Friday, 11 November 2016
Heroes And Villains Converse
Poul Anderson, Sir Dominic Flandry: The Last Knight Of Terra (Riverdale, NY, 2012), pp. 458-465.
Flandry wears a mind screen. Aycharaych would like to be in true communion with him but that cannot be unless one joins the other's cause. He warns Flandry not to wall off his brain too long from the energies that inspirit the universe and comments that the brevity of human life keeps Flandry ever in haste but may also be the root of mankind's greatness.
Aycharaych appreciates Flandry's total personality and a bond has formed between them. He claims that most Chereionites laid aside ephemeral affairs when the human race were apes. He continues to partake in such affairs because there is art in action and every art is a philosophical tool for seeking deeper into mystery. He quotes "'...half a beast is the great god Pan...'" (p. 464) and comments that Flandry also plays a satanic role and might have lived more whole of heart if he had served Merseia. Flandry angrily rejects this last remark.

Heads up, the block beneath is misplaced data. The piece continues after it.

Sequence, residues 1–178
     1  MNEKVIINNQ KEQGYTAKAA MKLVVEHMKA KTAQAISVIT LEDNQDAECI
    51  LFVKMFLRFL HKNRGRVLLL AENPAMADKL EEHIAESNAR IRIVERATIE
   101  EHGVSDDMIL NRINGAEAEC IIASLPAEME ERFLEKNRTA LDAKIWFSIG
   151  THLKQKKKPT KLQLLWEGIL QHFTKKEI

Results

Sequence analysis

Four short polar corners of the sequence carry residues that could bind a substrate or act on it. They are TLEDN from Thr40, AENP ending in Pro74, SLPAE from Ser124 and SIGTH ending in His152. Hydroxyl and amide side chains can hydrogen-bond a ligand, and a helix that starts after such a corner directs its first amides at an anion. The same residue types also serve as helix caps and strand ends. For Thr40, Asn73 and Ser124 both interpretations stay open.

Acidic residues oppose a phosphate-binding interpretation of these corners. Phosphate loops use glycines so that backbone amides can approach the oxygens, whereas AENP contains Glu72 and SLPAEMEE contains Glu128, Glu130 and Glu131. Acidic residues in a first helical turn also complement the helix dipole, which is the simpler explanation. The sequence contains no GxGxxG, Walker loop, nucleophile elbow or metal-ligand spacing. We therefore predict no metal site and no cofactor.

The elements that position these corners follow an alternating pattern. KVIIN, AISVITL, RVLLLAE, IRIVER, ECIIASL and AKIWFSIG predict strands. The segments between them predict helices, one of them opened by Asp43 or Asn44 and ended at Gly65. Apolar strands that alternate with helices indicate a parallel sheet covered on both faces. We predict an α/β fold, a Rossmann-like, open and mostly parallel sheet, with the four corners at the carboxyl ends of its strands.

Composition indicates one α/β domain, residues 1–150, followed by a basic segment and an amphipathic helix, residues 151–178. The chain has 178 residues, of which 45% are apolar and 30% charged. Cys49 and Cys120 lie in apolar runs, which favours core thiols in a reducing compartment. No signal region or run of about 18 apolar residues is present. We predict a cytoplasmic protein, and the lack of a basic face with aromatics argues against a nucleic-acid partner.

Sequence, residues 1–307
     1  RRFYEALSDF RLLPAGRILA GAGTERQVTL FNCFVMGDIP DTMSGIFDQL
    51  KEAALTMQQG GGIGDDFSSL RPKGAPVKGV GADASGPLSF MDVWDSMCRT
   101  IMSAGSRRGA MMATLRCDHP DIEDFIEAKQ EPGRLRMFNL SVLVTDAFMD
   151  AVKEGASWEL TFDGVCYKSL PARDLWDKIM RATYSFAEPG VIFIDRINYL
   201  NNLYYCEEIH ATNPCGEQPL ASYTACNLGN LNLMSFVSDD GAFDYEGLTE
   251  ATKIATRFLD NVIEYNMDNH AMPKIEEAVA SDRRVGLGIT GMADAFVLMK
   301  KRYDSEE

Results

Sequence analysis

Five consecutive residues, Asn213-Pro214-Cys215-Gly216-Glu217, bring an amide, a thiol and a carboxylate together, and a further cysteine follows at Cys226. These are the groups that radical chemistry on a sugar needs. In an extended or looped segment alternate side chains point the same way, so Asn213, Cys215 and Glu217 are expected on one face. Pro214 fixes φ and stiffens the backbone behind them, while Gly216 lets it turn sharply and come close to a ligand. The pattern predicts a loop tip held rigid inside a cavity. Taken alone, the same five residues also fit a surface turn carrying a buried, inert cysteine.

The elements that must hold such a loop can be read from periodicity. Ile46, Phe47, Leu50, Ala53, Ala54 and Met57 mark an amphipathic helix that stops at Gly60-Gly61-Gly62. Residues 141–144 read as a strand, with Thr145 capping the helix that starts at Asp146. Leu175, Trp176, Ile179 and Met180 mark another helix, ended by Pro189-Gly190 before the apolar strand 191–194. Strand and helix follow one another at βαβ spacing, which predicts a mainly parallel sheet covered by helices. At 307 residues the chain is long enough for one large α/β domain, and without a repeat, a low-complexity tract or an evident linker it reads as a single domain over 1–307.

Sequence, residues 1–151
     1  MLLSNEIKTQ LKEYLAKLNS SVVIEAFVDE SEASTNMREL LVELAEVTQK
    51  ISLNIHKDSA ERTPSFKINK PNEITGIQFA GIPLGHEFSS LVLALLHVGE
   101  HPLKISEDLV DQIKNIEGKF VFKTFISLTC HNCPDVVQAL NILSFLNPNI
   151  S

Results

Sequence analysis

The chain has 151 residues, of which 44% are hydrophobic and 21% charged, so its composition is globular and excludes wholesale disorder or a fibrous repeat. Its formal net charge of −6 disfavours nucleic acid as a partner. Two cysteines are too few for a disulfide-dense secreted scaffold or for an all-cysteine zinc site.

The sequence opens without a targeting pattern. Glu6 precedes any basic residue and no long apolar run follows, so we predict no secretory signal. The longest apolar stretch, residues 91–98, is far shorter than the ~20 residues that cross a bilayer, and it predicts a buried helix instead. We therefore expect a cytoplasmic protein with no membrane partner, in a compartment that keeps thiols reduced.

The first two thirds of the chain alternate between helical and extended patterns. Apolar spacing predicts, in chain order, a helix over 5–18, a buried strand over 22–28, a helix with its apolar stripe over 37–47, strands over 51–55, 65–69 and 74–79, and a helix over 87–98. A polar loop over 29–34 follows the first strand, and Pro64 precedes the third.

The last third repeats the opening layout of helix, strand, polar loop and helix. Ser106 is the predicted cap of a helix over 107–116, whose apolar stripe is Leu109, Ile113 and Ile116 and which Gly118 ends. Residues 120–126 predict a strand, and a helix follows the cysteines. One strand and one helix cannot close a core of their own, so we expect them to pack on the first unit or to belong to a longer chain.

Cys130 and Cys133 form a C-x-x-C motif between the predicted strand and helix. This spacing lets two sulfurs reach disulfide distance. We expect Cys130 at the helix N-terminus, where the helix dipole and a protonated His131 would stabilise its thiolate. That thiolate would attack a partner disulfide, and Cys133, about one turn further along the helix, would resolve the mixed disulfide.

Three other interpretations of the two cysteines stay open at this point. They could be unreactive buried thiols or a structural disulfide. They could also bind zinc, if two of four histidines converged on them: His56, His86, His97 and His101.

Aycharaych wants to discourse of Terra's former splendors and modern pleasures.
Ian Fleming, You Only Live Twice (London, 1966), pp. 172-173.
Blofeld claims that his blackmailing of the Western World with hijacked atomic weapons might have led to disarmament negotiations, that his bacteriological warfare attack on England might have forced Britain out of its lethargy into the kind of community effort that had occurred during the war and that his Castle of Death is a humane project, offering free death to those seeking release.
Blofeld is far less cultured and much more self-serving than Aycharaych.